Looking at the Big 12's Top Offenses

Using an advanced statistical metric to take a look inside the Big 12's offenses on a play-by-play basis.

There are lies, damn lies and statistics. But you know that here at LonghornDigest.com, we try to sort through the statistics to give you a more accurate look at what you're seeing. And we've also previously endorsed the job that www.footballoutsiders.com does with its S&P+ ratings, a weighted play-by-play success rate that factors in competition, among other factors. I've included TCU and West Virginia below, despite the fact that neither played in the Big 12 last year, so it's not quite apples to apples.


1) Oklahoma State — No. 2 Overall (No. 1 Rushing, No. 13 Passing)

2) Baylor — No. 3 Overall (No. 7, No. 4)

3) TCU — No. 13 Overall (No. 16, No. 18)

4) West Virginia — No. 14 Overall (No. 13, No. 17)

5) Oklahoma — No. 16 Overall (No. 14, No. 29)

6) Texas Tech — No. 33 Overall (No. 43, No. 33)

7) Kansas State — No. 63 Overall (No. 39, No. 81)

8) Texas — No. 74 Overall (No. 50, No. 97)

9) Kansas — No. 93 Overall (No. 75, No. 75)

10) Iowa State — No. 99 Overall (No. 68, No. 104)

Quick Thoughts

* For all the talk about the Big 12 being a spread passing league, only two 2012 Big 12 teams — Baylor and Texas Tech — were better throwing the ball than they were running it. Kansas had the same rank in both areas.

* The thought that the Big 12 is an offensive league in general, however, was right on. Half of the 2012 Big 12 (five teams) ranked in the nation's top-16 in overall offensive S&P+, making up almost one-third of the top 16.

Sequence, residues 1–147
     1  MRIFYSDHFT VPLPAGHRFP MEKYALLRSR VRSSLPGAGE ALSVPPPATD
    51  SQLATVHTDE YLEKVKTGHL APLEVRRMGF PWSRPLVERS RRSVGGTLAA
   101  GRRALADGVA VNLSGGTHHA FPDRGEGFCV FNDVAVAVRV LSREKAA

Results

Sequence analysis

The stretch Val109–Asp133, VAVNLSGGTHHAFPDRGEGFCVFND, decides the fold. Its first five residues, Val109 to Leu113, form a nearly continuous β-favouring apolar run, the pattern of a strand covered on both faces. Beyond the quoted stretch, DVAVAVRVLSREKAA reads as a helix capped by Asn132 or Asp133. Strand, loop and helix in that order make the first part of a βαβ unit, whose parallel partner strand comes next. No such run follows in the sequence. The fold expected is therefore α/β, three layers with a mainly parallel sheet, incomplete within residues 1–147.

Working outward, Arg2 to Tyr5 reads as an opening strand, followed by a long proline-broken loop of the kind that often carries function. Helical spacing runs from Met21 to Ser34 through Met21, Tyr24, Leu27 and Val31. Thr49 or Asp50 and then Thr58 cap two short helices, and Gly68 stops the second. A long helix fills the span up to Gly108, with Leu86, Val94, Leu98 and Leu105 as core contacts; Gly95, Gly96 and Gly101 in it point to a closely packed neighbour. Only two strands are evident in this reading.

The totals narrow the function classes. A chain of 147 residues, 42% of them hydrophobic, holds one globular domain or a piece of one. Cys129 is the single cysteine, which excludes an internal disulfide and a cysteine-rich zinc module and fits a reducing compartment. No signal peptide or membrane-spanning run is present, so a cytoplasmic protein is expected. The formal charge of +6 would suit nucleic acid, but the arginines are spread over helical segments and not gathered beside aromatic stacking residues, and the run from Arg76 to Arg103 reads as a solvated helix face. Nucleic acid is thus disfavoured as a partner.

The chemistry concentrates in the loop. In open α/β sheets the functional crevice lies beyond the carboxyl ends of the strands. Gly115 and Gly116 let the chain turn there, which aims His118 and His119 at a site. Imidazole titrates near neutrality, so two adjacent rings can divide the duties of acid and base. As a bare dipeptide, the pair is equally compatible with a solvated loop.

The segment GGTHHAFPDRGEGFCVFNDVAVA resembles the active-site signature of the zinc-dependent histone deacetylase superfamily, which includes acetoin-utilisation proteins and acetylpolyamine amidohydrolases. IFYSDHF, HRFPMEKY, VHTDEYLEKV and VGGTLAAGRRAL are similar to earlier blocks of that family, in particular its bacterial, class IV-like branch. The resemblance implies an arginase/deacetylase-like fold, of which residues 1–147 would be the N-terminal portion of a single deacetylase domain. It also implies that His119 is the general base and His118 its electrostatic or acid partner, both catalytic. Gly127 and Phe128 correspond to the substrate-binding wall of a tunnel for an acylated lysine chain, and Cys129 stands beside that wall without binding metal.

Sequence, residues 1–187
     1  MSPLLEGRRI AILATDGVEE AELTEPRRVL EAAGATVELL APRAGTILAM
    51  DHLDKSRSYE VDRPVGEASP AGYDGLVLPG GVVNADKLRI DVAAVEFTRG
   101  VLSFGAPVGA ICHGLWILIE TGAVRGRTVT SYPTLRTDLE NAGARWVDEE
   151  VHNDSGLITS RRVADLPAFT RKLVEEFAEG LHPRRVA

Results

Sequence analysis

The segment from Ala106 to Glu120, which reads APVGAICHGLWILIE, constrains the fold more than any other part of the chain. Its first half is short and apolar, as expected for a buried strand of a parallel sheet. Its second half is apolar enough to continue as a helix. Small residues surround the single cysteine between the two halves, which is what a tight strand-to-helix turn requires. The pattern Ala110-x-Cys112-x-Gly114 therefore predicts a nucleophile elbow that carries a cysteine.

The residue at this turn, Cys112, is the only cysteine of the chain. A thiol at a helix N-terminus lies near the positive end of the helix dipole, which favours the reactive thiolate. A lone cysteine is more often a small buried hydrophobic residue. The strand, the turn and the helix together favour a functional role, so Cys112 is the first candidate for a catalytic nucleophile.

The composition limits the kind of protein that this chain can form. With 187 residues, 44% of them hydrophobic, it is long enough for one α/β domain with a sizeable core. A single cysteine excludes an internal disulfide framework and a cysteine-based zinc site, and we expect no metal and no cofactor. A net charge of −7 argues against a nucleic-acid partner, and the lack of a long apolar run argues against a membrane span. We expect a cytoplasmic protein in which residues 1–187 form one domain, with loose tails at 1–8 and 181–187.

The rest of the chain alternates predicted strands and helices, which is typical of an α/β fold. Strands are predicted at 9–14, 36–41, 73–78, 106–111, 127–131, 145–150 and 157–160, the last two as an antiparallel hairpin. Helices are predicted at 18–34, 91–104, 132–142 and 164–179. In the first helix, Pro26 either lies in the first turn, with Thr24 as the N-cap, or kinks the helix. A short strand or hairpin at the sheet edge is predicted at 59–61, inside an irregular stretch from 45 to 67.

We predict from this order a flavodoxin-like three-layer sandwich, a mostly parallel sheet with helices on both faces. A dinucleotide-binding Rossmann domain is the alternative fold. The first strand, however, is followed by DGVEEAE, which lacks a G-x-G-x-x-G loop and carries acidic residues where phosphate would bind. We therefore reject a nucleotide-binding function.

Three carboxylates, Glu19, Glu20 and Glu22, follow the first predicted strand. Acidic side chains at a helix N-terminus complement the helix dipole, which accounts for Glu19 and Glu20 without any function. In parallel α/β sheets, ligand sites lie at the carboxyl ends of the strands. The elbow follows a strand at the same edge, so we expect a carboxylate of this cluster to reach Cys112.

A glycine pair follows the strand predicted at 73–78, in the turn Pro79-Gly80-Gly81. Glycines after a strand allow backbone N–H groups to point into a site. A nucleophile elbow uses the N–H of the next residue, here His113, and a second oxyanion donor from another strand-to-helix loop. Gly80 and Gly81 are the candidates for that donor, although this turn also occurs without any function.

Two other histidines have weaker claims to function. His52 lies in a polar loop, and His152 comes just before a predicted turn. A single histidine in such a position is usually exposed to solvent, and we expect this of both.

* My favorite of those might be Oklahoma. The Sooners had Landry Jones, Ryan Broyles (for most of the year), Kenny Stills, Jaz Reynolds and a walk-on at running back before he blew out his knee … and were still 15 spots better in rushing S&P+ than in passing S&P+, ranking 14th nationally in rushing S&P+.

* The other interesting one is Oklahoma State, complete with Brandon Weeden and Justin Blackmon. The Cowboys were 13th nationally in passing S&P+, and first nationally in rushing.

* Texas had the most one-dimensional offense, with 47 spots separating its rushing attack (50th) from its passing attack (97th). Kansas State was second at 42 spots, with the No. 39 rushing S&P+, and the No. 81 passing S&P+.

* I'm a bit surprised that Texas Tech wasn't more one-dimensional as well. The Red Raiders were 43rd rushing the ball and 33rd passing the ball. I thought they'd be higher in passing, and probably lower in rushing. Just goes to show that when you do things counter to your nature (i.e., a passing team running the ball), your offense can really open up.

* Kansas ranking No. 75 in both rushing and passing S&P+ put it in different spots in the league. The No. 75 rushing S&P+ was last in the league. The No. 75 passing S&P+ was seventh in the Big 12.

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